This week at the weekly seminar of my research group we’ve read and discussed the following paper:
A New Unifying Account of the Roles of Neuronal Entrainment
Abstract. Rhythms are a fundamental and defining feature of neuronal activity in animals including humans. This rhythmic brain activity interacts in complex ways with rhythms in the internal and external environment through the phenomenon of ‘neuronal entrainment’, which is attracting increasing attention due to its suggested role in a multitude of sensory and cognitive processes. Some senses, such as touch and vision, sample the environment rhythmically, while others, like audition, are faced with mostly rhythmic inputs. Entrainment couples rhythmic brain activity to external and internal rhythmic events, serving fine-grained routing and modulation of external and internal signals across multiple spatial and temporal hierarchies. This interaction between a brain and its environment can be experimentally investigated and even modified by rhythmic sensory stimuli or invasive and non-invasive neuromodulation techniques. We provide a comprehensive overview of the topic and propose a theoretical framework of how neuronal entrainment dynamically structures information from incoming neuronal, bodily and environmental sources. We discuss the different types of neuronal entrainment, the conceptual advances in the field, and converging evidence for general principles.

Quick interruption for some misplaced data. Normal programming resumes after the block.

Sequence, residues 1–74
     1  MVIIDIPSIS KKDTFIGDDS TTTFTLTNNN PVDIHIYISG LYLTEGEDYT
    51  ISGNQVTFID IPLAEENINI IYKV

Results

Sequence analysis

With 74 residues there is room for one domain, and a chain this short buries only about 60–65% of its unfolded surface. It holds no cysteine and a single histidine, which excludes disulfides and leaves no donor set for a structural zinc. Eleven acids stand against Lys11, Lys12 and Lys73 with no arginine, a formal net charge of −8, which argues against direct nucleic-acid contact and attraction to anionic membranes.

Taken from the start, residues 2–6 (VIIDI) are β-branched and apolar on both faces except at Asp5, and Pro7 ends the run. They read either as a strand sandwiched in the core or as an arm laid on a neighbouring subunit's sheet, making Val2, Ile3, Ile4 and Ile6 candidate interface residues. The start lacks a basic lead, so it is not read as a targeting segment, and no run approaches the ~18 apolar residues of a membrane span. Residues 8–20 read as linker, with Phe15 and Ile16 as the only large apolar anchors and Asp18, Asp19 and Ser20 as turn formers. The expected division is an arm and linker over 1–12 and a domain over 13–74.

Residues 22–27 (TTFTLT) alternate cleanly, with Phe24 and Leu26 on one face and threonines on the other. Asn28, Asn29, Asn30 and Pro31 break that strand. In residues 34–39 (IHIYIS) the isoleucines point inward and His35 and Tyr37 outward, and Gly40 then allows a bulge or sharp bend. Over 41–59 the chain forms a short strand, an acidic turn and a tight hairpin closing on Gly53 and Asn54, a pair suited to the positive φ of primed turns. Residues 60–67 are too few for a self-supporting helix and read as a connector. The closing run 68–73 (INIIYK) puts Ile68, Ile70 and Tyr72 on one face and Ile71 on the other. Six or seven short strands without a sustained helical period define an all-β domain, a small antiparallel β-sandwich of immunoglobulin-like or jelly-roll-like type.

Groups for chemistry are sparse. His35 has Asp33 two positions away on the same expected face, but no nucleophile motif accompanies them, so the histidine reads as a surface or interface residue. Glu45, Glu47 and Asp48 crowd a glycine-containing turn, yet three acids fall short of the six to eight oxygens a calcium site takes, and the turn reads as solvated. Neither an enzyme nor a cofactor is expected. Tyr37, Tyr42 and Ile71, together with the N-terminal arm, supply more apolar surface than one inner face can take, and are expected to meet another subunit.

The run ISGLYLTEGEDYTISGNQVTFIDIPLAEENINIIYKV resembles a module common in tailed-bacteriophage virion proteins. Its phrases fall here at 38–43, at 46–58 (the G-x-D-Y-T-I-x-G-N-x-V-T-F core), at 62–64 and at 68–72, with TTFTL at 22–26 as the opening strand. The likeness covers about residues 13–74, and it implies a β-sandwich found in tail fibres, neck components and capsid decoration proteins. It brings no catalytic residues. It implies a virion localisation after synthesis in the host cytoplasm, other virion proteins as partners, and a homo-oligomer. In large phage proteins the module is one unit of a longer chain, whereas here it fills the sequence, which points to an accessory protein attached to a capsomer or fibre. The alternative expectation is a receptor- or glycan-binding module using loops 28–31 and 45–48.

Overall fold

What I enjoyed about this paper is that the authors explain in a very plain way what is neuronal entrainment and what has been done by far in the neuroscience field. They introduce the ideas from a very real-life manner and little by little they get into detail and in the neurocognitive level. I really appreciate that general overview to then focus more on the research that is out there regarding neuronal entrainment.
One of the things I kept as a take-home message from the paper is how our brain and body interacts with each other, and how rhythms (both internal and external from the environment) might have an impact on the intrinsic rhythms of our brain. That relationship would explain why when we are just focusing on breathing or we are mediating in a zafu the activity in the low-frequency of the brain (e.g., alpha rhythm) increases and goes in rhythm with the breathing. Or, why when we are in a live concert or dancing in the dancefloor our body feels the music but also our brain feels the frequency beat of the song. Isn’t that amazing? More studies like this should be done in this direction and cover this topic. Looking forward to reading more of it!
Article from Cell Press.
Feature image from Pexels.